Barshu From the fierier depths of Chinese cuisine – you won’t find any luke warm lo meins here – but even though they’re separated at birth, all siblings have their differences. Barshu hails from Sichuan, where the cooking comes red hot and the region is famed for giving power to the Kung Pao.
Signature Dishes - Piquillo croquetas at Barrafina Blanchette This quirky Soho and Shoreditch bistro takes traditional French dishes and serves them tapas-style, meaning you get to mix and match.
It makes sense given the predominance of cheeses and charcuterie, but more complex offerings such as grilled cured duck breast and sea bass with Provençal crab bisque also go down a treat.
Bob Bob Ricard At Bob Bob Ricard, luxury is on tap. Every surface is crammed with the desirable: gilding, marble, Prussian blue leather, mosaic, art deco fashioned monogramming, crystal, velvet and every kind of luxurious food stuff you can shake an oyster fork at. Bob Bob Ricard somehow it manages to make all this opulence mercifully cute.
Bocca di Lupo From raw and cured dishes to fried foods, pastas, risottos, grills and stews, the extensive offering touches on almost every way of eating Italian. Highlights include a radish, celeriac, pomegranate and pecorino salad which sings with a pungent truffle dressing; and a Puglian burrata which could be the capital’s creamiest. Blacklock Blacklock, a former basement brothel in Soho, for chops and loud Human League and Devo.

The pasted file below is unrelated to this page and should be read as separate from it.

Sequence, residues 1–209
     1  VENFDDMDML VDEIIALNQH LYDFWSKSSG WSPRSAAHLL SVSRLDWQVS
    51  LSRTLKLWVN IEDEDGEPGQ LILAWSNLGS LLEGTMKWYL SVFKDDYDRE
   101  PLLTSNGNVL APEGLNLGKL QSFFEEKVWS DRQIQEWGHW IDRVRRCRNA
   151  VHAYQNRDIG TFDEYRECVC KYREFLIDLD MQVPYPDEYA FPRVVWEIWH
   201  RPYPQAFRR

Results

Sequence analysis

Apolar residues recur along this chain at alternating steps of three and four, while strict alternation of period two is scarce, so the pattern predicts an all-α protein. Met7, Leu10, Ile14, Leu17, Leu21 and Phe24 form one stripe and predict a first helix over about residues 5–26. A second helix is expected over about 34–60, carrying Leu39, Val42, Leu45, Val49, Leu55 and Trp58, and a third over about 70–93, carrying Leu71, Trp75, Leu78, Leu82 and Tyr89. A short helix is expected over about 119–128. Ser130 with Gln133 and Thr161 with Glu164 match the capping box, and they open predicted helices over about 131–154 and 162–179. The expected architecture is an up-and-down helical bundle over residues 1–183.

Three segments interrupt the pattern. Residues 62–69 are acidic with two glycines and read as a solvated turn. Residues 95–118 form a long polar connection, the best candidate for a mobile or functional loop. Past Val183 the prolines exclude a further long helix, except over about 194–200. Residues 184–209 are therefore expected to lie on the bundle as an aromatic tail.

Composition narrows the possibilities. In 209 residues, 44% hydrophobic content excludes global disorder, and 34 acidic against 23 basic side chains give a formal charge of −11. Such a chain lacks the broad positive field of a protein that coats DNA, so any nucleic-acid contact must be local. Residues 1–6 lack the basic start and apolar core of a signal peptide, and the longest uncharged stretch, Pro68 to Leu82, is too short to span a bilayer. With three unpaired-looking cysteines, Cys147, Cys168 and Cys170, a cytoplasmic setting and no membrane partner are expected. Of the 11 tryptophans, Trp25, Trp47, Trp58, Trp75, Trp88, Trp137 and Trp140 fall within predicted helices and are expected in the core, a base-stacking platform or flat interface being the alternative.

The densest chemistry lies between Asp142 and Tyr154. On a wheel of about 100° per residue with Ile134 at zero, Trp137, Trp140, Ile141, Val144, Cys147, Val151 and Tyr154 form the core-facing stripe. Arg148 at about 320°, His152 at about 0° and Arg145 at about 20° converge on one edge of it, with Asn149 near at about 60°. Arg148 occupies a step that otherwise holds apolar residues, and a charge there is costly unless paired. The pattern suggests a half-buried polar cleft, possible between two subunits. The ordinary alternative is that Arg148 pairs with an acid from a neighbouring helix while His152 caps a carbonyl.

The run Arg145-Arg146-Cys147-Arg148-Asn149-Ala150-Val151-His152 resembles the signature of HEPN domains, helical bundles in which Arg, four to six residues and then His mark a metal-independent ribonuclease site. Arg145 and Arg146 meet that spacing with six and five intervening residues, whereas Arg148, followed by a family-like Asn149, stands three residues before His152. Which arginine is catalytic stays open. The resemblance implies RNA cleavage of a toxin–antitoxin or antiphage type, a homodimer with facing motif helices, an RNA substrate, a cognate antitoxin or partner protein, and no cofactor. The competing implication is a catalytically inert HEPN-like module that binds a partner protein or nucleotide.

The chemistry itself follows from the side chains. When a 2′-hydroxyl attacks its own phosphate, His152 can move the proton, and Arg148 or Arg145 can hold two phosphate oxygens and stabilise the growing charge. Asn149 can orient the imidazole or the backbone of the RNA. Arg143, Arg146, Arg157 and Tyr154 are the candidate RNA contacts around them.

Piles of skinny, tasty lamb, pork and beef chops are the stars of the show: chops cooked on a homemade charcoal grill and seared with vintage irons from a foundry in the Deep South called, well, Blacklock.
The Blue Posts Heavily buttered anchovy soldiers are simple but seductive, homemade sausage rolls are robustly meaty, and a plate of fried Jerusalem artichokes in a tahini-esque hazelnut sauce is a marker of how good vegetable dishes can be.
Brasserie Zedel Zédel is a gargantuan, French, reasonably-for-London priced, art deco basement brasserie serving 400 covers of bouillabaisse, coquilles Saint Jacques and crème brûlée to nattering, laughing diners — with a jazz band in full swing — it literally brims with joie de vivre.
Ceviche Soho The eponymous dish of raw fish cured in a citrus-based marinade (called Tiger’s Milk in Peru and on Morales’ menu) is served up multiple ways at Ceviche, ranging from creamy to nasal-clearing spice, all with that distinctive lime zing, with slightly differing options at their Soho and Old Street menus.
Darjeeling Express Darjeeling Express serves a biryani feast from 12.30pm-3.30pm. It arrives with a Hyderabadi mirchi ka salan, a green chilli and onion gravy with peanuts and sesame, plus a Bengali tomato chutney.
Khan’s menu is ever-changing, but do look out for the grated beetroot raita. She also makes fearsomely spiced croquettes using fen beetroot which are worth making your eyes water for. Dum Biryani For all its excellent Indian restaurants, it has taken until now for a restaurant to open in central London that puts all its energy into the humble biryani. Dum Biryani, which has just arrived on Wardour Street, is the place that has finally done it.